If the movie is as engaging as the trailer, ‘Eye in the Sky’ could become a military classic, akin to ‘Rules of Engagement’ or ‘Dr Strangelove’ (a Variety film review states that it recalls the Stanley Kubrick film). And for analysts like myself who follow drone technology, this movie appears to address all the key points about the controversial usage of these weapons.
One issue that the trailer correctly portrays is the rapid real-world development of drone technology. ‘Eye in the Sky’ introduces miniature drones complete with high-quality camera feeds.  In the movie, we see bird and insect mini-drones that fly into the terrorists’ house to identify the occupants. In reality, such mini-drones already exist. In 2015, for example, U.S. military scientists created a miniature drone called the Cicada. According to, with “no motor and only about 10 parts” the Cicada “resembles a paper airplane with a circuit board.” It was manufactured to glide to pre-programmed GPS coordinates after being dropped from an aircraft or even a bigger drone.
The potential of mini-drones is seemingly endless, as recently noted by the Israeli defense news company i-HLS: “coupled with a distributed explosive-carrying capacity, [a group of them] could make for a cheap, hard to detect yet easy to deliver killing swarm.”
As for the plot of the film itself, the issue of collateral damage is a clear echo of real life as thousands of civilians in Afghanistan, Pakistan, Yemen and in the Horn of Africa have died as result of attacks by armed drones, which were targeting insurgents in the near surroundings. And from the trailer, it appears that the characters’ arguments are similar to those that really take place in Washington and London.
Of particular interest will be how the movie displays the emotions of the drone operators. The trailer shows a drone operator boldly declaring “I will fire [this missile] when this [innocent civilian] girl is out of the way.” The effects of drone warfare on operators are only now beginning to be properly studied and understood. For example, Sudden Justice: America’s Secret Drone Wars has a comprehensive chapter entitled “The Intimacy of Remote Killing,” which includes various testimonies of drone operators and how remote killing affects them. Author Chris Woods concludes, “the [U.S.] Air Force rushed to expand its armed drone fleet following huge battlefield demand. Yet there was little understanding at first of the strains this would place on thousands of personnel fighting from the home front” (p. 173). Given this lack of detailed understanding, let’s hope that, at the least, films like ‘Eye in the Sky’ that deal with UAVs will properly address the psychological stresses of this job. Not to mention accurately display the real-life complexities of drone warfare, which, in a post-War on Terror world, will only continue to grow.

Saturday, February 20, 2016

Entrevista: Argentina y Rusia se distanciarán durante el Gobierno de Macri, afirma especialista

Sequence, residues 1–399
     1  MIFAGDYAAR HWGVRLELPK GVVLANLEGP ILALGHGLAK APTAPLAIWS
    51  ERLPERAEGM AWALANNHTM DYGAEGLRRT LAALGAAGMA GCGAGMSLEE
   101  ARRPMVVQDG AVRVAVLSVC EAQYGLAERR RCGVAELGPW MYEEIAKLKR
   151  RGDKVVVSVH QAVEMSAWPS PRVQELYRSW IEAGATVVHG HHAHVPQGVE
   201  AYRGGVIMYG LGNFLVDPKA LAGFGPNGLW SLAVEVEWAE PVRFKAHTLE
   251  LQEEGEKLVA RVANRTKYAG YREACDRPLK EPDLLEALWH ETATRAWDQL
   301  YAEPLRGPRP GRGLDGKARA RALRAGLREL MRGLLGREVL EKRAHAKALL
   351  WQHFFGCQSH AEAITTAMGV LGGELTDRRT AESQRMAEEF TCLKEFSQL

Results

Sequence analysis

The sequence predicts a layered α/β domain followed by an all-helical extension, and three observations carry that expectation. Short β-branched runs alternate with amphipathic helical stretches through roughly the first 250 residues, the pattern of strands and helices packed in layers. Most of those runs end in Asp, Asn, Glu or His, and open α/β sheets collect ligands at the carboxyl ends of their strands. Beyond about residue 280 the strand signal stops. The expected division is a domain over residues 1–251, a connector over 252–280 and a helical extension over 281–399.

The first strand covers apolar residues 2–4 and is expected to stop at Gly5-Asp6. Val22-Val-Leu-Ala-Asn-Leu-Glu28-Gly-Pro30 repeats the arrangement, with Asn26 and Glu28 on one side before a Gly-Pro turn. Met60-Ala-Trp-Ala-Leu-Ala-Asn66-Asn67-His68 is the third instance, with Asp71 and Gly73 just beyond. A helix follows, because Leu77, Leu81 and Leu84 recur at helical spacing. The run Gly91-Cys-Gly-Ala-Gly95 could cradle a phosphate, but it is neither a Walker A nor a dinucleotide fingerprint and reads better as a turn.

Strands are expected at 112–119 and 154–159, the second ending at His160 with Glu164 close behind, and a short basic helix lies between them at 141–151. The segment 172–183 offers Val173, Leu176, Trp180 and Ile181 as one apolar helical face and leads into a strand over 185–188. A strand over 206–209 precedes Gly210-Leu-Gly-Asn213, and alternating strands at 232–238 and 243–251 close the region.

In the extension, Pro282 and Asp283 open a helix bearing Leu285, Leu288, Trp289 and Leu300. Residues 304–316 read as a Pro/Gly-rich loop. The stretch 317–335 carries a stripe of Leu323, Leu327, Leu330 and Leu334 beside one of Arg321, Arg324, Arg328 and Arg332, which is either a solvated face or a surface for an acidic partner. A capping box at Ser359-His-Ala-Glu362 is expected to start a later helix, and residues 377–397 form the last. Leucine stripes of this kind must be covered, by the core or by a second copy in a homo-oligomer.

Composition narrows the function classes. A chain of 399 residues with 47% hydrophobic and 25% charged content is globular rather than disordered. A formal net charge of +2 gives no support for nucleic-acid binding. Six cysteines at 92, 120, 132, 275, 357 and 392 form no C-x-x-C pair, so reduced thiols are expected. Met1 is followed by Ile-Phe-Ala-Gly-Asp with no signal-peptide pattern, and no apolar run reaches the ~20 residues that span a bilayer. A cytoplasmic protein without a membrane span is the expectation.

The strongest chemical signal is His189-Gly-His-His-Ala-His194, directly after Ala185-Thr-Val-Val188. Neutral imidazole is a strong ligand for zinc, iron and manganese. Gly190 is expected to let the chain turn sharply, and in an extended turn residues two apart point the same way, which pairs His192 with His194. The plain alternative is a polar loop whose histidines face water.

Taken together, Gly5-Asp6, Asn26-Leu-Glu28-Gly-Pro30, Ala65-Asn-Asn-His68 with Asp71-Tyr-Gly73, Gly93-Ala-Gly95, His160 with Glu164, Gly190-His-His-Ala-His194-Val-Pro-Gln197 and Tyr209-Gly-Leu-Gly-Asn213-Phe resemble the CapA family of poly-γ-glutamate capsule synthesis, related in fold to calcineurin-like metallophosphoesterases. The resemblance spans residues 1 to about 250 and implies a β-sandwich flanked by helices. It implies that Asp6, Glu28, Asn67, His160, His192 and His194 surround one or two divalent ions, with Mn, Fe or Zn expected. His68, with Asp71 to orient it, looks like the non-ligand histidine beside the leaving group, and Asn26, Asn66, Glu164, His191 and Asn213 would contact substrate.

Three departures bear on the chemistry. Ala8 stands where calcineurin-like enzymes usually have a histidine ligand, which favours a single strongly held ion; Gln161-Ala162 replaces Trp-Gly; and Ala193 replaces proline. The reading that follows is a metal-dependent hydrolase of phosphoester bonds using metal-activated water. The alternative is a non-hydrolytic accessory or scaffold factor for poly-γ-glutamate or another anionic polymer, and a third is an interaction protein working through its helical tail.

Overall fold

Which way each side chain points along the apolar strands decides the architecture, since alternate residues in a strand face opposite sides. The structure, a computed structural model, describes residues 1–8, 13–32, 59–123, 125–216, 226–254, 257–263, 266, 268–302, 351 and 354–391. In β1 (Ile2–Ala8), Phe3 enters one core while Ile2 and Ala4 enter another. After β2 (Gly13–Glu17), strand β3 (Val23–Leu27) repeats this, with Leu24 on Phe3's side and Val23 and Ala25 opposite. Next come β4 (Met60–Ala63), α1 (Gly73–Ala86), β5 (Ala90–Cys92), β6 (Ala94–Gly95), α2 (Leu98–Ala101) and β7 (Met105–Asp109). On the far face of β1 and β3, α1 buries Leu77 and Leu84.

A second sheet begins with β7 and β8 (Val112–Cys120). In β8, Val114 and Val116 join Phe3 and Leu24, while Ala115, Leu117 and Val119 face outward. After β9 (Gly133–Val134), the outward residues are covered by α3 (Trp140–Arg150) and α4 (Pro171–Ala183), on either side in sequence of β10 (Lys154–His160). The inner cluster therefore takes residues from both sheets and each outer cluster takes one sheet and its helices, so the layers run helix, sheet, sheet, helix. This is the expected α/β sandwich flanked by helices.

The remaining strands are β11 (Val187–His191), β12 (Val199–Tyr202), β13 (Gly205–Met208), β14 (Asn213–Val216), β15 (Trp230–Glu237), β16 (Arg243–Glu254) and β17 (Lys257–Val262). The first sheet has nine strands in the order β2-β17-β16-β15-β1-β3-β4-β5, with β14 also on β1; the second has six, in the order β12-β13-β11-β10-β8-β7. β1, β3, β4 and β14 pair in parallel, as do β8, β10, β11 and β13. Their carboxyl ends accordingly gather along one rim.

"Argentina y Rusia se distanciarán durante el Gobierno de Macri, afirma especialista"
W. Alejandro Sanchez
Sputnik Mundo America Latina
Febrero 15, 2016
Originally published:

Argentina priorizará las relaciones con Estados Unidos y la Unión Europea, por lo que no será un aliado de Moscú, como sí lo fue durante la presidencia de Cristina Fernández de Kirchner, dijo a Sputnik Nóvosti el analista Alejandro W. Sánchez, quien aseguró que el comercio entre ambos países no se verá afectado.

"Rusia ha perdido Argentina, que será un socio externo, un país amigo, pero no aliado como durante la presidencia de Cristina Fernández de Kirchner (2007-2015)", señaló Sánchez, analista en seguridad internacional y especialista en Paz Internacional y Resolución de Conflictos por la American University.

No obstante, el comercio exterior entre ambos países no se verá afectado porque Argentina seguirá interesado en vender sus productos a Moscú, "aunque las relaciones diplomáticas y las alianzas van a cambiar drásticamente", indicó.

Según la Cámara de Comercio e Industria Argentino Rusa, el intercambio comercial entre ambos países durante 2014 alcanzó los 2.122 millones de dólares.

Para mejorar la economía de Argentina, el presidente Mauricio Macri "se acercará a potencias mundiales económicas como EEUU y Europa Occidental", que apoyan un comercio más liberal.

"Con la economía estancada, Argentina no cancelará ningún tratado comercial con Rusia, pero sí puede diversificar los mercados para conseguir más inversiones, y desde luego, buscará relaciones preferenciales", explicó el especialista.

Según anunció el Gobierno argentino, el presidente Macri se encontrará con su homólogo estadounidense Barack Obama durante la Cumbre sobre Seguridad Nuclear que se celebrará en Washington entre el 31 de marzo y el 1 de abril.

"Éste será el primer paso para mejorar las relaciones entre Argentina y Estados Unidos", observó Sánchez, autor de un estudio sobre las relaciones entre Buenos Aires y Moscú para el Centro Argentino de Estudios Internacionales (CAEI).

Macri ya ha manifestado su interés en modernizar el Mercosur y acercarse a los países de la Alianza del Pacífico, "que tienen una economía más abierta al libre comercio", destacó.

En este contexto, la conversación telefónica que Macri mantuvo en diciembre con el presidente ruso Vladímir Putin, debe entenderse como una llamada protocolar, "no amigable como hubiera sido entre Putin y Cristina Fernández".

Uno de los proyectos que prevalecerá en Argentina será la construcción de la represa hidroeléctrica Chihuido, en la provincia de Neuquén (sudoeste).